"The company then adds $750 to each
HRA. But the employees still have a $250 deductible
to pay before they can access their HRAs. They get access
to the $750 after they pay the $250. The employer is
self-insuring that $750 since some of its employees
will not even meet the $250 deductible."
FSAs, flexible spending
An FSA, which some companies call an FSP, or flexible
spending plan, is similar to an HRA except that employees
can -- and usually do -- put money into it. In some
cases companies do, too, but each company sets its own
In a typical company, employees estimate how much their out-of-pocket medical expenses will be for the year, and that is deducted from their pay before taxes and put into the plan. They then use the money -- often through a debit card -- to make the medical and medical-related payments that their health insurance does not cover.
The biggest problem with an FSA is that
if an employee does not spend everything in the account
by the end of the year, the company gets the money ...
even though it's often the employee's own money. That,
by the way, is an IRS rule, not a company rule.
The biggest advantage is that the money in the account is pretax, reducing your taxable income.
As with HRAs, when the end of the year
draws near, people with money in their FSAs start looking
for things to spend it on, such as an extra pair of
glasses and so on.
The problem with this, Schreier says,
is that, "They are using their money because they
have to, not because they need to. The individual would
have been better off predicting a lower amount of money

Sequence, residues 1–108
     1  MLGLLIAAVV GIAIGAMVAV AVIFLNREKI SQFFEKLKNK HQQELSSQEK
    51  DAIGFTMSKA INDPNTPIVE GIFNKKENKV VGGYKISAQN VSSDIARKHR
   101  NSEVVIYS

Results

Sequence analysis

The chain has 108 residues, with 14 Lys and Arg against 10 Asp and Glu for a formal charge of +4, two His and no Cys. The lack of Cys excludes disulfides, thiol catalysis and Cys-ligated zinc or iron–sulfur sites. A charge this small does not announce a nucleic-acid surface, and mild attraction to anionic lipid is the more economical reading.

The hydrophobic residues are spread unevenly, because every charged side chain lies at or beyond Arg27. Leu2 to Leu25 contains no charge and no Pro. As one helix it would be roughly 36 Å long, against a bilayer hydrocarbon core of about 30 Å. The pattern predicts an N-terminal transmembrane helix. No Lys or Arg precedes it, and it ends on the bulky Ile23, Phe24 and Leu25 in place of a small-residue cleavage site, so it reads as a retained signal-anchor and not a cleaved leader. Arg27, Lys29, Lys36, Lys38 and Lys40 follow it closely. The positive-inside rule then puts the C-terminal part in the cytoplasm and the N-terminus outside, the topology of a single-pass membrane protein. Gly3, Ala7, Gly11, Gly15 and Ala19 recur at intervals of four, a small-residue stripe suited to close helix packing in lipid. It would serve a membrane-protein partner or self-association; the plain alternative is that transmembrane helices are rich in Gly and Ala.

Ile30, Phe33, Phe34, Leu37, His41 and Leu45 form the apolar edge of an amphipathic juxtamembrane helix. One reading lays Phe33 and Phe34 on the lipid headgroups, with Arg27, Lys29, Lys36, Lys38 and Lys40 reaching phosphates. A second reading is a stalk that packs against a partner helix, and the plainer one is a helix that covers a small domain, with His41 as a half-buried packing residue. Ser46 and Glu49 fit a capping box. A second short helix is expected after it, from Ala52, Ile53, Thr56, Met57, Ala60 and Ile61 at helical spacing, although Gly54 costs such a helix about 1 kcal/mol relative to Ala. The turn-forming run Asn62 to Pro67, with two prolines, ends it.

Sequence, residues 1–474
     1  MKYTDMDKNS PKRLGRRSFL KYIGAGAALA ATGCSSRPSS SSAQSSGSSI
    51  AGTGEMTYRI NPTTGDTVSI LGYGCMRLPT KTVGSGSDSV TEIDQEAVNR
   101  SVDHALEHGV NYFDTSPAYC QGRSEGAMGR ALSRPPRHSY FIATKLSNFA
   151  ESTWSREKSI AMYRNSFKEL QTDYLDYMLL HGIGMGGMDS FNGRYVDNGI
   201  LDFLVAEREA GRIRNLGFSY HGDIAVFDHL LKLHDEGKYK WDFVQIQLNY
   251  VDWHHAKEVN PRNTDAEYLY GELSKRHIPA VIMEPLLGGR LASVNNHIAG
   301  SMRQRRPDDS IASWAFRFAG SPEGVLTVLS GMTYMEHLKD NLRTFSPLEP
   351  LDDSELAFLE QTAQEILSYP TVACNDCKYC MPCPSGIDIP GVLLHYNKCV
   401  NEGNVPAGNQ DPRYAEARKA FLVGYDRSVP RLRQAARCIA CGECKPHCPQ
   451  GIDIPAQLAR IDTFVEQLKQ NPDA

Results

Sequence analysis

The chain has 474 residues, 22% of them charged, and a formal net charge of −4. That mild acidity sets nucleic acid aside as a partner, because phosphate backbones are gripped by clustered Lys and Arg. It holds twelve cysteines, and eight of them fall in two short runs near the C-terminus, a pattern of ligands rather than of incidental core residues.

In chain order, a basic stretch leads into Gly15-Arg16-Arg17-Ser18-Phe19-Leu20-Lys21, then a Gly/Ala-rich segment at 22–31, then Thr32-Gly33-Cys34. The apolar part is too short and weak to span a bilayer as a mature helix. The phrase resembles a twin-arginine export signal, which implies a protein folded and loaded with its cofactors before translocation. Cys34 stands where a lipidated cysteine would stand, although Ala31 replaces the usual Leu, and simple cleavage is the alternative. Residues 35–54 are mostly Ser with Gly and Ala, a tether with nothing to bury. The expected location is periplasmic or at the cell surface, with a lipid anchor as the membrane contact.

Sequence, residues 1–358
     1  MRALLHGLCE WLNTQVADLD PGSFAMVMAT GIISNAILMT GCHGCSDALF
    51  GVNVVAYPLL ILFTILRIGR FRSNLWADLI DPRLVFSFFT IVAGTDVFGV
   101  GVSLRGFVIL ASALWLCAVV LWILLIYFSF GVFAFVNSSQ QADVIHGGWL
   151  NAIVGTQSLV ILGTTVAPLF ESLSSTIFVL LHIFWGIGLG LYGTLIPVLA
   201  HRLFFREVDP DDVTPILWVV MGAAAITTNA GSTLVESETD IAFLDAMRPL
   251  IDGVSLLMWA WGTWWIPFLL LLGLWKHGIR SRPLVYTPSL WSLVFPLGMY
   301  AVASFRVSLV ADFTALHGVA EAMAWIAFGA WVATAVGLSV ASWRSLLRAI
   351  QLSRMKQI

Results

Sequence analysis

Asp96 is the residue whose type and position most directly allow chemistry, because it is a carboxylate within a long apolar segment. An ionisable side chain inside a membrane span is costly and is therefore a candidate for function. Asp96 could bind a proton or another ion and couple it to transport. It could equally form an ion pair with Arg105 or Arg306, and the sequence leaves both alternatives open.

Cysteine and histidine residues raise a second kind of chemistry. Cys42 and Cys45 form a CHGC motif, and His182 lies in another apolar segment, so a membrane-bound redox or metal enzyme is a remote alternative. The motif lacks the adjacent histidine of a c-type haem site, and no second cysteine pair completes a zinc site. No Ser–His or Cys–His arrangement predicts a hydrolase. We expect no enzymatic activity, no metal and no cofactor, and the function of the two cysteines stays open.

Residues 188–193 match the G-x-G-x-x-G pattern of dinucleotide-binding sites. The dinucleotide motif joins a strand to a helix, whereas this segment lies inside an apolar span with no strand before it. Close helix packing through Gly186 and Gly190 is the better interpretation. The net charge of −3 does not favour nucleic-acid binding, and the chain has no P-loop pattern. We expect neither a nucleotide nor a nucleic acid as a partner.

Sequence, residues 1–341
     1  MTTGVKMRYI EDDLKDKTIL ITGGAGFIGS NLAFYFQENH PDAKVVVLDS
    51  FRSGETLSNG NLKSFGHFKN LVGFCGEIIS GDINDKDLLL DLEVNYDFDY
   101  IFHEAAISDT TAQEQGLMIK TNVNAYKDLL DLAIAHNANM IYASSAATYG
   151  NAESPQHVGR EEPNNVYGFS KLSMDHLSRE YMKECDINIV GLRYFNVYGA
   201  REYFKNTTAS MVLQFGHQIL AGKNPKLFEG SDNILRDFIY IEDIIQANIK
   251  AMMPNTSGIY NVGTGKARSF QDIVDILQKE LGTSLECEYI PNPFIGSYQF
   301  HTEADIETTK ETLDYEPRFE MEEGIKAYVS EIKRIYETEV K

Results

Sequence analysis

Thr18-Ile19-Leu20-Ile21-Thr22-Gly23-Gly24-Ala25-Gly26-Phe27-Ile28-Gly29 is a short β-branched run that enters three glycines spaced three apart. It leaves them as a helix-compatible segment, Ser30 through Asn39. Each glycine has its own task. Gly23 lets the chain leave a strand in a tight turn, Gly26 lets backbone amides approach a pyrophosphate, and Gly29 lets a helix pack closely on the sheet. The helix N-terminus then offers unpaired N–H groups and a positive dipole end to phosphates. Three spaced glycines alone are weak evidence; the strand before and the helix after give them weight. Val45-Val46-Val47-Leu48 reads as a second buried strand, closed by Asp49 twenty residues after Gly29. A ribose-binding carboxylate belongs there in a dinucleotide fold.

to go into the account."
Which plan is right for you?
If your company offers traditional health insurance,
you don't have any decisions to make ... yet. But as
the price of health insurance increases, more and more
companies are switching to nontraditional programs and,
in many cases, making their employees make decisions
that they've never had to make before.
"Companies do want to keep their
employees," Pasek says, "and they do want
them to be happy." But these new plans are just
that, new ... and confusing. "It's a lot like where
we all were when the IRA and the 401(k) were
first introduced. Employees didn't really understand
them, and it was human resources' job to explain them.
And that's the job today, too."
That's why Pasek says that if your company is offering an alternative plan, you need to meet with a benefits specialist in human resources and figure out which is the best one for you, personally. To do that you'll need to know what your health expenses have been in the past and what you can reasonably expect them to be for the next year. If your company will let you bring your spouse to the meeting, do so.